For more than 70 years, WHO and UNICEF have worked together worldwide to ensure children survive and thrive, and benefit from a safe and clean environment. The two organizations collaborated to provide high-impact health, immunization, nutrition, HIV and early child development interventions, as well as safe water and sanitation services in every region of the world, including in fragile and conflict settings.

"At the heart of our work with UNICEF is seeing that every child not only survives but ultimately thrives and transforms their communities and future generations," said Dr Tedros Adhanom Ghebreyesus, WHO Director-General. "With great appreciation and respect for our unique and complementary roles, we stand together in our commitment to achieve health for all. As this pandemic demonstrates, no-one is safe until everyone is safe.”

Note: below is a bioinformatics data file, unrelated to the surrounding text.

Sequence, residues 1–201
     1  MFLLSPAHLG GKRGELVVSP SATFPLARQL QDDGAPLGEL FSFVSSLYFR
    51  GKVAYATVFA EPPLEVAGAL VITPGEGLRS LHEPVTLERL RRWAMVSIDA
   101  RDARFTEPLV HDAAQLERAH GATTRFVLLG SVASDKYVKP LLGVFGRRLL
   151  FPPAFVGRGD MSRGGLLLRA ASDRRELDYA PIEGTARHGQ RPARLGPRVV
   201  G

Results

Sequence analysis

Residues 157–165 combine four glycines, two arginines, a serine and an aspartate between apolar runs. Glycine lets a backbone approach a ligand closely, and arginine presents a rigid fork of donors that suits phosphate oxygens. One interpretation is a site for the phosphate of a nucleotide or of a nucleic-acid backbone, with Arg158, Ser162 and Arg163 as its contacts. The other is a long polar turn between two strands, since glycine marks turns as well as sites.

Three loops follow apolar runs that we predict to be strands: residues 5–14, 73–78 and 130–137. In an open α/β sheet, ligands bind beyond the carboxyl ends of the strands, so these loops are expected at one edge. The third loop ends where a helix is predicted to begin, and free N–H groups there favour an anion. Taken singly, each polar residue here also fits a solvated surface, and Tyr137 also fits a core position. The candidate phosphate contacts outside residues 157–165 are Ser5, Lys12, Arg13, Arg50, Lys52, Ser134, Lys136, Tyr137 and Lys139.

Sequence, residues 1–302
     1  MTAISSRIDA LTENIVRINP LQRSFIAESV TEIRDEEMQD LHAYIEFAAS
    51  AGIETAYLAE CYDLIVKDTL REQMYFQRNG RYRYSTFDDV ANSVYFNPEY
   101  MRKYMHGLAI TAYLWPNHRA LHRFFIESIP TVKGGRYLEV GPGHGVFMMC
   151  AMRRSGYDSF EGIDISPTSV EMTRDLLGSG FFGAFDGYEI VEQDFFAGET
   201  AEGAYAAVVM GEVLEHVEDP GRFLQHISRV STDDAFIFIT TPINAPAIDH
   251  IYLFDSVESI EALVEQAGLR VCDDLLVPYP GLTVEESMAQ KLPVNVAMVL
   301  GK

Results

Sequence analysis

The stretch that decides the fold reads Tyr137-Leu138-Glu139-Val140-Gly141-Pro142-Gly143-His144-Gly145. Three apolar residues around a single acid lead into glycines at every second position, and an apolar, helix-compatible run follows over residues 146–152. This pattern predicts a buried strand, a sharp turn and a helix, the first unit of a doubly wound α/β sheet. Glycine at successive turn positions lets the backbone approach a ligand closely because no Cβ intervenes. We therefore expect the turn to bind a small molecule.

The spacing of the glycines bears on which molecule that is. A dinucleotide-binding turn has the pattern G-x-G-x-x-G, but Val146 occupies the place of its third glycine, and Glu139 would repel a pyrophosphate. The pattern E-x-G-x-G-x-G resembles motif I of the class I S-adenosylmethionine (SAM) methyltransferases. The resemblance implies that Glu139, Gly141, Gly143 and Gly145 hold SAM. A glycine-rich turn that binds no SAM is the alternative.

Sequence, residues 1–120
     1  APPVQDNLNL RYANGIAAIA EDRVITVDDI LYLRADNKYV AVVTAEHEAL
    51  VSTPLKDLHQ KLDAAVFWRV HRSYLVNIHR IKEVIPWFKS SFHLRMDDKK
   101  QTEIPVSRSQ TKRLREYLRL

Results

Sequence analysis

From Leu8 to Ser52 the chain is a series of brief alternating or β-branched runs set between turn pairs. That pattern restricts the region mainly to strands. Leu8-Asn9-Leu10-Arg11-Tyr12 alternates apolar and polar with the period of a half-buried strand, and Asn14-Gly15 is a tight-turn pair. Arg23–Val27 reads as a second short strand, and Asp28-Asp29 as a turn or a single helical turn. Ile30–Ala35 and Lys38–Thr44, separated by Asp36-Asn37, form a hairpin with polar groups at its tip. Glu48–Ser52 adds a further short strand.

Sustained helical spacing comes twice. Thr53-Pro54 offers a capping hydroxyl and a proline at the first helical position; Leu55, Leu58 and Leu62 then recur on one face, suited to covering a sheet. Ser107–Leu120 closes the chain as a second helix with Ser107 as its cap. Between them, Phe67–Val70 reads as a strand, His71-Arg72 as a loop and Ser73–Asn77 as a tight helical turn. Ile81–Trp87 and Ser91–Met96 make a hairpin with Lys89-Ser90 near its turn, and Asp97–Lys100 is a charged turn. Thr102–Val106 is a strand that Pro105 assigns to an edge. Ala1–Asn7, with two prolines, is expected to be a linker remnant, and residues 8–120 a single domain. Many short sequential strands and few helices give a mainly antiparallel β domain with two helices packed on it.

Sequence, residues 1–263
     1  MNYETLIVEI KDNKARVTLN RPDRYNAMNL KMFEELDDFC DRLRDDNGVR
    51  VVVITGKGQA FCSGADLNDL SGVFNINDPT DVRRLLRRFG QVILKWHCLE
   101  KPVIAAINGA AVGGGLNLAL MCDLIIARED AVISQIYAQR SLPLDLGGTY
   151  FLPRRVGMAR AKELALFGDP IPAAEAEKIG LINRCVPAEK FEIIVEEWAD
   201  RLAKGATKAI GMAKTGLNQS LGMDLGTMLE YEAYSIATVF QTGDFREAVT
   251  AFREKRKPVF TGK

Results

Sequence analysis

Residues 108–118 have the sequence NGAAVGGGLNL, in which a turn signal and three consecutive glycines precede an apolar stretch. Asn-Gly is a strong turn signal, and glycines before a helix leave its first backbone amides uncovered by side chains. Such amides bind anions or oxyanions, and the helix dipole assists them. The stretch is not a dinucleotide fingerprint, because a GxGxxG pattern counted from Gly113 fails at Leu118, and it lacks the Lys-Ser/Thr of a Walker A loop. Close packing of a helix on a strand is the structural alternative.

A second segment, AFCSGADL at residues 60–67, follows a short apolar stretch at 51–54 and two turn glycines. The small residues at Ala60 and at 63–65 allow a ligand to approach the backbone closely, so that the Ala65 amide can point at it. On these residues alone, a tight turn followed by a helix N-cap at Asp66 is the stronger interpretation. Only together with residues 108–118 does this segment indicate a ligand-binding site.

Today, WHO and UNICEF continue to work together to stop the COVID-19 pandemic and ensure that every woman and every child have access to the essential health services they need, including immunizations and health check-ups.

The two organizations are also working together to support countries to introduce and deliver COVID-19 vaccines under the vaccines pillar of the “Access to COVID-19 Tools – Accelerator” (ACT-A) initiative, along with Gavi, CEPI and global immunization partners.

Additionally, the organizations are strengthening health systems through primary health care, as agreed in the Declaration of Astana, and the UN High-level declaration on UHC, in order to accelerate achievement of universal health coverage and Sustainable Development Goal 3 targets by 2030.